NPI's Cascadia Advocate

Offering commentary and analysis from Washington, Oregon, and Idaho, The Cascadia Advocate is the Northwest Progressive Institute's unconventional perspective on world, national, and local politics.

Sunday, January 19th, 2020

Last Week In Congress: How Cascadia’s U.S. lawmakers voted (January 13th-17th)

Good morn­ing! Here’s how Cascadia’s Mem­bers of Con­gress vot­ed on major issues dur­ing the leg­isla­tive week end­ing Fri­day, Jan­u­ary 17th.

In the United States House of Representatives

Chamber of the United States House of Representatives

The House cham­ber (U.S. Con­gress pho­to)

SENDING IMPEACHMENT ARTICLES TO SENATE: Vot­ing 228 for and 193 against, the House on Jan­u­ary 15th adopt­ed a res­o­lu­tion send­ing to the Sen­ate the two arti­cles of impeach­ment against Pres­i­dent Trump the House approved on Decem­ber 18th. Min­neso­ta Demo­c­rat Collin Peter­son, who vot­ed with Repub­li­cans in oppo­si­tion, was the only mem­ber to break par­ty ranks.

The mea­sure (House Res­o­lu­tion 798) also appoint­ed sev­en House Democ­rats to make the case for impeach­ment in a Sen­ate tri­al now under­way.

If con­vict­ed by a two-thirds vote of sen­a­tors present, Trump would be removed from office. Trump has denied any wrong­do­ing, and lead­ers of the Senate’s Repub­li­can major­i­ty have pre­dict­ed acquit­tal.

Jer­rold Nadler, D‑New York, said “This tri­al is nec­es­sary because Pres­i­dent Trump grave­ly abused the pow­er of his office when he strong-armed a for­eign gov­ern­ment to launch inves­ti­ga­tions into his domes­tic polit­i­cal rival.…And then he vio­lat­ed the Con­sti­tu­tion by stonewalling Con­gress’ efforts to inves­ti­gate…”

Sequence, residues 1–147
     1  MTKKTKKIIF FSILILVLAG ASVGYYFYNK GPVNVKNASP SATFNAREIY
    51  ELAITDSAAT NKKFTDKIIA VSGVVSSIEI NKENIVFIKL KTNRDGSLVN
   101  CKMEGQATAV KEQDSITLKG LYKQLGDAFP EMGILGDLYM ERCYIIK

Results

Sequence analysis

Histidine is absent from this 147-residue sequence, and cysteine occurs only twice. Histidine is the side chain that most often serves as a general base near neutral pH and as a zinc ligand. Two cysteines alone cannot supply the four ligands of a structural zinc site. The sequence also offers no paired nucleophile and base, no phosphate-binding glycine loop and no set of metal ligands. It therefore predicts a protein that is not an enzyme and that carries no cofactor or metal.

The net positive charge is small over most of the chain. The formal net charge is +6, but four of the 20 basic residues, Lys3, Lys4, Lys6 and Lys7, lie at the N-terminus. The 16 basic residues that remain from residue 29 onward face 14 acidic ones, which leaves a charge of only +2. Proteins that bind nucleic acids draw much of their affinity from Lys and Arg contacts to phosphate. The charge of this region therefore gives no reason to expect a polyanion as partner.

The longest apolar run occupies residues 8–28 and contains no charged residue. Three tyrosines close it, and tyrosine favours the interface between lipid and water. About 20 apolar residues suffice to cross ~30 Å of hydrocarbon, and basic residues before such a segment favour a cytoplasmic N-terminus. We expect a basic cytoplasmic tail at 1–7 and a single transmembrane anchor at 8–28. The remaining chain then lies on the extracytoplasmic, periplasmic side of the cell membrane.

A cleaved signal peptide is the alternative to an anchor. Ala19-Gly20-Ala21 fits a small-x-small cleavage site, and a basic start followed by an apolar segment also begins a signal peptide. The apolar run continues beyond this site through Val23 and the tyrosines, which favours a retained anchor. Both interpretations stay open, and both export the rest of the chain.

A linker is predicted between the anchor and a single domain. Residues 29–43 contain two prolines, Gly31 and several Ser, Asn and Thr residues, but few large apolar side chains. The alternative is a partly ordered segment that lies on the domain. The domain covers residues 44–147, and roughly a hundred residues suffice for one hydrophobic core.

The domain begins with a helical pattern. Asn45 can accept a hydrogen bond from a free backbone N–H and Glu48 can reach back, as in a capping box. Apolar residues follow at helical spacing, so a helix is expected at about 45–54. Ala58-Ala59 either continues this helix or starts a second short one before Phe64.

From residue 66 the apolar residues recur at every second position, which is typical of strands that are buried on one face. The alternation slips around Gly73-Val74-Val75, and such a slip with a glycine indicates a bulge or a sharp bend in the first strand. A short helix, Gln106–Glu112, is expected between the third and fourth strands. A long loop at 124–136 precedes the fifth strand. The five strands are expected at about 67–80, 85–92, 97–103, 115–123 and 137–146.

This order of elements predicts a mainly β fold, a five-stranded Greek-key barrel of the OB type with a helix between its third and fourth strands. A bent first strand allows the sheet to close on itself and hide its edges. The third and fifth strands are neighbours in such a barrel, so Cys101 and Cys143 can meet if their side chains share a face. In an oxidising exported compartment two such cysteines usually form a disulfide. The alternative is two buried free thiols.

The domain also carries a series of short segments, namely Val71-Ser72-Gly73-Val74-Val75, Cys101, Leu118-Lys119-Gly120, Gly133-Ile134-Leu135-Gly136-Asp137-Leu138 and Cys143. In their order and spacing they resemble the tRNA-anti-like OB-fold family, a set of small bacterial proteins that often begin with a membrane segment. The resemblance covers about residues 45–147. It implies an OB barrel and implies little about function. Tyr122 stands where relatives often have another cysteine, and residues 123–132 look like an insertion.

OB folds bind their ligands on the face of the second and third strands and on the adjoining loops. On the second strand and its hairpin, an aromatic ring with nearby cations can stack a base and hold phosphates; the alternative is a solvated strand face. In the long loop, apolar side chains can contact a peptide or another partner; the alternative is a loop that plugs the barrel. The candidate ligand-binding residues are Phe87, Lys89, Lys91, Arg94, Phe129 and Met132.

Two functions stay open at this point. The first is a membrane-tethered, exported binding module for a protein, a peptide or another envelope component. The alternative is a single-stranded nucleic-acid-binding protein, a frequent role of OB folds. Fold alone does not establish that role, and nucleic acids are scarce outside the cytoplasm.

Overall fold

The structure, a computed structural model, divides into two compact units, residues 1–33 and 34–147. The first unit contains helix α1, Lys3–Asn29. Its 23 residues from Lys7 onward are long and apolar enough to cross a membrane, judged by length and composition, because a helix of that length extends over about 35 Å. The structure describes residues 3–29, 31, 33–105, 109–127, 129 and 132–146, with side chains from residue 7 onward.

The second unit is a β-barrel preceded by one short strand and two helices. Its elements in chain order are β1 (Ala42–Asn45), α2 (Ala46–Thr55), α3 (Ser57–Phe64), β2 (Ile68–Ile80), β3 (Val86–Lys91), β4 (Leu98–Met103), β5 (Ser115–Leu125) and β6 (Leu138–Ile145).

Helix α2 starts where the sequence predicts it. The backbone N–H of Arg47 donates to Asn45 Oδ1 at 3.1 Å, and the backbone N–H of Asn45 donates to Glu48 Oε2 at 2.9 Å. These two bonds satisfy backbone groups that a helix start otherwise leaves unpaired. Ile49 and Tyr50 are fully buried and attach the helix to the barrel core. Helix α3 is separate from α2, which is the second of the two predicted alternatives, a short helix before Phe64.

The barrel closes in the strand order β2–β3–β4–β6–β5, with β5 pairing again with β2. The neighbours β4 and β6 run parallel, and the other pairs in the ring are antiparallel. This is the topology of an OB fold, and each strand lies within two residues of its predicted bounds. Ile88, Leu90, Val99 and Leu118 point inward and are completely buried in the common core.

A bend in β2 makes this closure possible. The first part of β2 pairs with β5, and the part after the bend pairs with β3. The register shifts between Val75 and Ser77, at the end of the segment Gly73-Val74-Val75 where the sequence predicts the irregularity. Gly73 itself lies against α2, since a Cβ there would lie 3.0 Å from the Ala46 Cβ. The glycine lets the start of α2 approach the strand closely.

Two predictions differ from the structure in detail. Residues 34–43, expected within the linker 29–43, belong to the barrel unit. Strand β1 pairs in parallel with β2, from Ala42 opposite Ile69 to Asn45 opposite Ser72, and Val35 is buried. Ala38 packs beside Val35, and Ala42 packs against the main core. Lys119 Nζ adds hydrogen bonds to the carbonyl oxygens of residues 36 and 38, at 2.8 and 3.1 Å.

Minor­i­ty Leader Kevin McCarthy, R‑California, said: “This was all an exer­cise in raw par­ti­san pol­i­tics con­trary to the inten­tions of our founders…the fastest and weak­est and thinnest impeach­ment in Amer­i­can his­to­ry.”

A yes vote was to send the two impeach­ment arti­cles to the Sen­ate (see the impeach­ment vote in this spe­cial edi­tion of LWIC) and appoint tri­al man­agers.

The State of Idaho

Vot­ing Nay (1): Repub­li­can Rep­re­sen­ta­tive Russ Fulcher

Not Vot­ing (1): Repub­li­can Rep­re­sen­ta­tive Mike Simp­son

The State of Oregon

Vot­ing Aye (4): Demo­c­ra­t­ic Rep­re­sen­ta­tives Suzanne Bonam­i­ci, Earl Blu­me­nauer, Peter DeFazio, Kurt Schrad­er

Vot­ing Nay (1): Repub­li­can Rep­re­sen­ta­tive Greg Walden

The State of Washington

Vot­ing Aye (7): Demo­c­ra­t­ic Rep­re­sen­ta­tives Suzan Del­Bene, Rick Larsen, Derek Kilmer, Prami­la Jaya­pal, Kim Schri­er, Adam Smith, and Den­ny Heck

Vot­ing Nay (3): Repub­li­can Rep­re­sen­ta­tives Jaime Her­rera-Beut­ler, Dan New­house, and Cathy McMor­ris Rodgers

Cas­ca­dia total: 11 aye votes, 5 nay votes, 1 not vot­ing

RELAXING EVIDENCE STANDARD FOR AGE DISCRIMINATION: Vot­ing 261 for and 155 against, the House on Jan­u­ary 15th passed a bill (H.R. 1320) that would relax the stan­dard of proof for plain­tiffs to win law­suits filed under the Age Dis­crim­i­na­tion in Employ­ment Act of 1967.

The law pro­tects job appli­cants and employ­ees against age-based bias in hir­ing and fir­ing, pro­mo­tions, com­pen­sa­tion and oth­er con­di­tions of employ­ment.

Under a 2009 Supreme Court deci­sion, plain­tiffs must prove by a pre­pon­der­ance of the evi­dence that their age was the sole basis for an adverse employ­ment deci­sion.